4. Talking to your manager
This might not be one to try straight away, but if you’re really struggling to manage your tasks, have a word with your manager. Ultimately, it’s in their interests that you’re content in your job, and they can help you draw up a plan to get where you want.
Be strict with yourself about leaving the office in good time.
5. Getting enough exercise
Heaps of studies show the benefits of exercise in relieving stress and other symptoms of poor work-life balance.
This doesn’t mean you suddenly have to get into running, swimming or biking if these kinds of activities aren’t your bag. You’ll likely find that simply walking to a park or open space on your lunch break will help you unwind from intense workplace vibes.
Free time should be exactly that – free. Make a point of turning off your work phone in the evenings and on weekends. This will let you properly unwind, and gives you time to maintain relationships and do things you enjoy.
7. Having sufficient sleep
Hopefully shutting down your work brain at home will mean your mind isn’t still whirring when it’s time to get some Z’s. Sleep is hugely important to your overall well-being, and you’ll find work far more manageable if you’re rested and fresh in the morning.
8. Getting back into your hobbies
Whether it’s music or martial arts, paddle boarding or painting, work shouldn’t mean you have to give up activities you love.
Setting aside some personal time in your schedule for these hobbies will break up your week, and improve your overall satisfaction.
Make time for the things that matter to you, whatever they are.
9. Spending time with the right people
A great way to escape the pressures of the workday is to spend time with people who make you happy – friends and family, and we’ll count your dog in here too.
Not only can these folk take your mind off the 9-5, this will help you rebuild relationships that might have suffered because of your poor work-life balance.
10. Taking a vacation
If you’re really burnt out, the best way to hit reset could be to take some time off. This could be a couple of days just to gather your thoughts, or a more extended break.
As well as chilling out, you can use this time to plan your new approach for when you get back to work though you want to avoid thinking about work on this time away..
Remember, with work-life balance, what works for your colleagues might not be the answer for you. It’s important you take the time to draw up a schedule with your specific needs at its heart. Finding a work-life balance you’re happy with won’t happen overnight, but once you start taking the first steps, you’ll soon notice the benefits.
11. Be kind to yourself
Perfectionist traits can often lead to a poor work-life balance, as you can’t let go of projects, and you soon find them piling up on top of each other.
While it can be hard to let go of long held tendencies, try to put some distance between your perception of yourself, and your results at work. We all make mistakes from time to time, and we’re never going to get everything right, so sometimes it’s just better to shut the computer down and do something else.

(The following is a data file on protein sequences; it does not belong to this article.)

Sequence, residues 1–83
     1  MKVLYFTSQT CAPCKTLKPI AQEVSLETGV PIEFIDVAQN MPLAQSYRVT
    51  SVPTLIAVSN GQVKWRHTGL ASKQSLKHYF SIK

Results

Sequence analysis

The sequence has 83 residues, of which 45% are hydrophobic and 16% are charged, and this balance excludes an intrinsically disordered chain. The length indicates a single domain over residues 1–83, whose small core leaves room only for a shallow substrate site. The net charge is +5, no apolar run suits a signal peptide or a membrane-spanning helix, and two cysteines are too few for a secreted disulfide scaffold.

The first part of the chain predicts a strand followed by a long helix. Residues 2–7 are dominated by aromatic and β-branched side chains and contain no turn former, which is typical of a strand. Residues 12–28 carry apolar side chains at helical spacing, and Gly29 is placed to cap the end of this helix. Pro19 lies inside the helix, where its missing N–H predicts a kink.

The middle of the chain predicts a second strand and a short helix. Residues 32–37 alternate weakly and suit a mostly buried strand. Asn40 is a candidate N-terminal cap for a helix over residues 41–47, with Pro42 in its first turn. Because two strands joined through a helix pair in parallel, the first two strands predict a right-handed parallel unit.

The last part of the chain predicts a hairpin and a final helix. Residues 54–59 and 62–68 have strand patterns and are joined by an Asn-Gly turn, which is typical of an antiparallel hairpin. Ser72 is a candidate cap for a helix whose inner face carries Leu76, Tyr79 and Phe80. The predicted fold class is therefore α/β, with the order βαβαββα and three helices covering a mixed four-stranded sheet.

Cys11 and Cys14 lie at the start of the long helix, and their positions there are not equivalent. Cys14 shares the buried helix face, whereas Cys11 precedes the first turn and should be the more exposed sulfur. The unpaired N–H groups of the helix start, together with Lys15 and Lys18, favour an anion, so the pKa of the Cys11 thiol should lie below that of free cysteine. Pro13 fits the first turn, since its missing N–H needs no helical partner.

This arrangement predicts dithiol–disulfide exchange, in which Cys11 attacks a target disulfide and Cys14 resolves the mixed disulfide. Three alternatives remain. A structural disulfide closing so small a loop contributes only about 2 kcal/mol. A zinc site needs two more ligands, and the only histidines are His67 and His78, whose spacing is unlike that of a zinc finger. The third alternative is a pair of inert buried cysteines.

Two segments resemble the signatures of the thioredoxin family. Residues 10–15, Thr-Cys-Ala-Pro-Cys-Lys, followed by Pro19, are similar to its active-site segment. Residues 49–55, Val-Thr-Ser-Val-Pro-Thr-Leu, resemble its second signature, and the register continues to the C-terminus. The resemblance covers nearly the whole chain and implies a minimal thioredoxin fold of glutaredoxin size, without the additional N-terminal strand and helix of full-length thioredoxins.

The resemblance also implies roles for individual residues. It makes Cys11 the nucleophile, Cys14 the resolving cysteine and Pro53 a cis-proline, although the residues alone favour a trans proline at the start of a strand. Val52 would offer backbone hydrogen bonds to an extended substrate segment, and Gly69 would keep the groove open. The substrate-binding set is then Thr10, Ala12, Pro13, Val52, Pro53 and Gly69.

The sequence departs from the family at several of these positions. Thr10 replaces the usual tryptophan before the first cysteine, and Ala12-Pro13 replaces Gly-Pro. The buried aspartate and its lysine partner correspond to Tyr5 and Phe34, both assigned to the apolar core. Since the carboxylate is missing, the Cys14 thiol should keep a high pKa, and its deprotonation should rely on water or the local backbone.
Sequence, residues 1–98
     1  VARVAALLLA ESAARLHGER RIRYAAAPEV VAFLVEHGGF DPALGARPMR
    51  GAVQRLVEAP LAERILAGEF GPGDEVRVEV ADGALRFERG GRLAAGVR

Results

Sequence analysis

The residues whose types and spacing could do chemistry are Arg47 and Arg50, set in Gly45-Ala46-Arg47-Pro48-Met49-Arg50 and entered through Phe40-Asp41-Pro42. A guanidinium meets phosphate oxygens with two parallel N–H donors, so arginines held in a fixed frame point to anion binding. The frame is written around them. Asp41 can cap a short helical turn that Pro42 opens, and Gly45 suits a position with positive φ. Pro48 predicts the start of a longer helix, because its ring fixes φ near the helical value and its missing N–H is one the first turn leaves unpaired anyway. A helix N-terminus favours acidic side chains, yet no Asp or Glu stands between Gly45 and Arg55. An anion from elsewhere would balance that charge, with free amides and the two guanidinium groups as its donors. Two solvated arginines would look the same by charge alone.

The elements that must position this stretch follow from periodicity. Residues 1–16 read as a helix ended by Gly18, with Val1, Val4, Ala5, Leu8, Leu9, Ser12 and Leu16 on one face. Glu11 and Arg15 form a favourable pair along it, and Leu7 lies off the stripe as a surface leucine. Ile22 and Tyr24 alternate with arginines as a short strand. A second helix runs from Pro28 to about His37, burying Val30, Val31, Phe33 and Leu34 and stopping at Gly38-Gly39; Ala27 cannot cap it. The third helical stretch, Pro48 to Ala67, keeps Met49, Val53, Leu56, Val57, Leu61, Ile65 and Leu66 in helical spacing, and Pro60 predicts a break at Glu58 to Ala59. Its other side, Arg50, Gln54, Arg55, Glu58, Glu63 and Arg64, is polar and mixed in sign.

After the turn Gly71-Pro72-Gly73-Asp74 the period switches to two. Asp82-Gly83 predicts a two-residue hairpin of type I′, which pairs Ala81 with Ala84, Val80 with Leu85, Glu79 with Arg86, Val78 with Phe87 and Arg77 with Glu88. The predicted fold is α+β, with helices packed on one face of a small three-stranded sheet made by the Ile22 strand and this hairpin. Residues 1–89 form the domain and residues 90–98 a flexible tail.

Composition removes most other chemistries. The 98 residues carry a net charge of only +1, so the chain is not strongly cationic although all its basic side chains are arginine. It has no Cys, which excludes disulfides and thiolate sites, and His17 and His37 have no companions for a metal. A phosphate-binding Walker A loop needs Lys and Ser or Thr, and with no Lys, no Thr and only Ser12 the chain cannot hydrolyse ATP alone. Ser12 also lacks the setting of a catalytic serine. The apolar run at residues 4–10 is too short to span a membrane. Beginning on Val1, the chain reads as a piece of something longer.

How to talk to your manager about your work-life balance
Good people leaders should care about their team members’ work-life balance. As we mentioned earlier, staff who don’t prioritise this will often underperform relative to those who manage to juggle the two more successfully, and they should also just care about your general wellbeing.
However, we understand that it can still be difficult to admit you’re struggling, especially to your manager. So, here are some tactics to help you initiate this conversation:
1. Do some thinking beforehand
Don’t just turn up and say something like: “I feel swamped. You need to do some digging down into what specifically is causing your work-life balance to be off kilter. For example, you might ask yourself whether this is a long-term problem, or have you just started a project that is causing you to work particularly long hours? Having some ideas of what in particular is causing the problem will both you and your manager come up with practical solutions for how to move forward.
2. Don’t be overly demanding
If a poor work-life balance has really been putting the pressure on you, you might be feeling pretty emotional, which is totally understandable. But it’s important that this doesn’t come across in the wrong way – if you start bullishly demanding time off, or saying you simply can’t handle your current workload, your manager might go on the defensive, and then the process of making progress on the original issue becomes all the more difficult.
The point is to be solutions-focused. It’s okay to get your point across about the fact you’re finding things tough at the moment, but you want to demonstrate that you want to find a resolution that works for you and the wider team.3. Have some suggestions
You might already have some ideas as to how you think you could improve your work-life balance, such as: